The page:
On Election Day, Chicago’s homeless population grapples with what it means for them to vote

An encampment under Lake Shore Drive. (Hannah Lichtenstein/ Medill Reports)

By Hannah Lichtenstein

Medill Reports 

On the day millions headed to the polls to vote for an American president, Mike McCool offered up a very different option for the country’s future leadership.

“I think this country should just turn itself back over to England and say, ‘we apologize for the Revolutionary War. We’ll never do it again,’” he said. 

McCool admitted he does not care much about how the 2020 election turns out and did not vote. As one of the 76,998 Chicagoans experiencing homelessness, his focus lands less on which politicians the masses entrust with policy-making and more on his immediate needs and stability. “I’ve got my own issues to worry about,” the 64-year-old said, “I’m trying to straighten out my life.” 

Four and a half miles away in Uptown on the Tuesday morning, JD Steele Jr. expressed similar apathy. “They (politicians) are all the same,” the 76-year-old former precinct captain said while on his way to grab beer from a local store, “it won’t matter much what happens I think.” Even more unconcerned with the implications of Nov. 3, 2020 was Robert Montgomery. Approached with the question of whether he voted, the 50-year-old replied: “George Bush.”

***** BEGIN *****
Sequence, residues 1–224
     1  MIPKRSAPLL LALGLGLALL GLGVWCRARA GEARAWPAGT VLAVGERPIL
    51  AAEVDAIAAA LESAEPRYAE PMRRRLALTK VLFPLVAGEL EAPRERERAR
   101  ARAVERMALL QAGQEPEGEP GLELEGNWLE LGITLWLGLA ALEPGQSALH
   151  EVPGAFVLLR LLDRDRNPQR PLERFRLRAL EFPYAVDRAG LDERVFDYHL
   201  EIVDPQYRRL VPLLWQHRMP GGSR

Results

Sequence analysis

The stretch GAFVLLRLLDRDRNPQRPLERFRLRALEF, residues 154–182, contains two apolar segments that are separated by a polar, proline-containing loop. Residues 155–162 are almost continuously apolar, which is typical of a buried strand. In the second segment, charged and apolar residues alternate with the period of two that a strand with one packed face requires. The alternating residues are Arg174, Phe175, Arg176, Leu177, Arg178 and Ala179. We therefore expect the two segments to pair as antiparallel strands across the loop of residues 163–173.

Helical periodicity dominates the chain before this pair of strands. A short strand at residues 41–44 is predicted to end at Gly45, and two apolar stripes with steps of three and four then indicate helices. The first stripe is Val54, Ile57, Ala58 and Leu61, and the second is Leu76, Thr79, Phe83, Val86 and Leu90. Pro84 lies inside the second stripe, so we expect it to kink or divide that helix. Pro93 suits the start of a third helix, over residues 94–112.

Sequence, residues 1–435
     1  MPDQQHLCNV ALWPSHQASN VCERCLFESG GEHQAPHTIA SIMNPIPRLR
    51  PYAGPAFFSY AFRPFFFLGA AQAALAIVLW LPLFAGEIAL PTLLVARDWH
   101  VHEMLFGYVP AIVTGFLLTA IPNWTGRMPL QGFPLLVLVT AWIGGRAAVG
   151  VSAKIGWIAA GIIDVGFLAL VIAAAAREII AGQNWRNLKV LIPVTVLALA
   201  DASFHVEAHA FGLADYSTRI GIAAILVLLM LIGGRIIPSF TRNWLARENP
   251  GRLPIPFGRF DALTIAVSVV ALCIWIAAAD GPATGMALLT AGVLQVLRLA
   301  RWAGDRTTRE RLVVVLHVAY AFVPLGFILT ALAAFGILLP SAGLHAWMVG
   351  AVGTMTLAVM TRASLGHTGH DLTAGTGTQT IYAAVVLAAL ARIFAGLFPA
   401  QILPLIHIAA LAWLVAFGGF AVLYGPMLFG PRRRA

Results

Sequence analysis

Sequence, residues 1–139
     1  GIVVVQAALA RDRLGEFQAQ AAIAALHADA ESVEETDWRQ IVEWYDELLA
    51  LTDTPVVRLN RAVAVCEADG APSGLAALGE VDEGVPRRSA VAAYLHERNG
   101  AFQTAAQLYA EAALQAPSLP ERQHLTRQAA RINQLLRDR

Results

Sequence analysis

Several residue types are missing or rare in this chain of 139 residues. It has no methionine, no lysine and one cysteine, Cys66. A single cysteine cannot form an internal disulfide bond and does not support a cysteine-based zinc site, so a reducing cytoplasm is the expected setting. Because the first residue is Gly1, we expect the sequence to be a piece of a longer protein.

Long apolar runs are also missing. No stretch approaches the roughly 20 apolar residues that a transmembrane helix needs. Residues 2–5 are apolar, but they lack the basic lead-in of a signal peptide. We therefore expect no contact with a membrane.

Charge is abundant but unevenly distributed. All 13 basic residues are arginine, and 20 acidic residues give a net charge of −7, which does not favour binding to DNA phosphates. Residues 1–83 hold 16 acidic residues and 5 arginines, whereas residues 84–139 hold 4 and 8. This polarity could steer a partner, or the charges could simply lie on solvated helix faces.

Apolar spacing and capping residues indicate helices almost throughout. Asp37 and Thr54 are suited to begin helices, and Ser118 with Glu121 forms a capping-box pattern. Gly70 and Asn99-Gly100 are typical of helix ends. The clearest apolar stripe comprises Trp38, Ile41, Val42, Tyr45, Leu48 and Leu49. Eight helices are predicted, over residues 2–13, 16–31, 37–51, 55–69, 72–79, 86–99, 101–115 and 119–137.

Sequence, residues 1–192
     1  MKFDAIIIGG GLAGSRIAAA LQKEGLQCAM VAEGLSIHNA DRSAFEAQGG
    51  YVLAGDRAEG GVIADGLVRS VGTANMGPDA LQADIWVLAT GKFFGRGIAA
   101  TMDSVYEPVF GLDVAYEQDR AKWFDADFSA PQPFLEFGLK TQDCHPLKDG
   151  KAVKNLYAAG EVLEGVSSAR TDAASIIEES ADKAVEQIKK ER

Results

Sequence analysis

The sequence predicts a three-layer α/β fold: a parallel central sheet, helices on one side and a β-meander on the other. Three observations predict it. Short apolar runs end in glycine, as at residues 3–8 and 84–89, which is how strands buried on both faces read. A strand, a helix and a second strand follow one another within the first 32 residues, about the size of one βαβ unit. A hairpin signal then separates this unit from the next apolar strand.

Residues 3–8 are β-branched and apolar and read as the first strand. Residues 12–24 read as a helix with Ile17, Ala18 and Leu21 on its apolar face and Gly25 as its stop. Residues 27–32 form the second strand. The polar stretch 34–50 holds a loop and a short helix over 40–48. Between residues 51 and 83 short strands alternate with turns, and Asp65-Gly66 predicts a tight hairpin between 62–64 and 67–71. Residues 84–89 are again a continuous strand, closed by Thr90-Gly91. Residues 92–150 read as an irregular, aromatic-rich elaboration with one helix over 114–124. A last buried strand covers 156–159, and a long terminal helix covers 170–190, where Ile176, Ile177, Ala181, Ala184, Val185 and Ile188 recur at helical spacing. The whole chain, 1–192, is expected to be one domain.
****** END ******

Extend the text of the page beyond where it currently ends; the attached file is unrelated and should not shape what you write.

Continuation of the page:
The feelings of disconnect from the country’s larger political moments are common among the homeless population, according to Neressa Billingsley, a case manager at Lincoln Park Community Services. Educating those guests who “aren’t as thrilled about voting” is part of the work the 38-year-old and her colleagues do at the homeless shelter. 

Billingsley noted, however, that there is a portion of their guests who do not need any coaxing to get involved in the democratic process. “Sometimes we have those who are avid voters,” she said, “They work the polls and they’ve been doing it for years even throughout their circumstances.” 

Their circumstances include cycles of substance abuse that make people experiencing homelessness unable to hold down a job. They include increased interactions with police that force them to move tents from one street to the next. In American cities, the realities the homeless population reckons with do not scream, “this place is for you” or “this is yours.” 

Which is perhaps why, for some members of the homeless population, voting stands as an important opportunity to take ownership. Dennis Nelson, 54, sees taking ownership of America’s future as being intrinsically tied to his own situation. He identified as middle class before he lost his job, which is why he says he voted in the interests of the middle class in this election. Tremel James, a 53-year-old former secretary who has been homeless since 2009, was also motivated by the sense of ownership that comes with voting. 

“I don’t want anybody to say, ‘well if you’ve got all these problems then you should have voted.’” he said. 

Hannah is a sports journalism student at Medill. You can follow her on Twitter at @HannahLichten.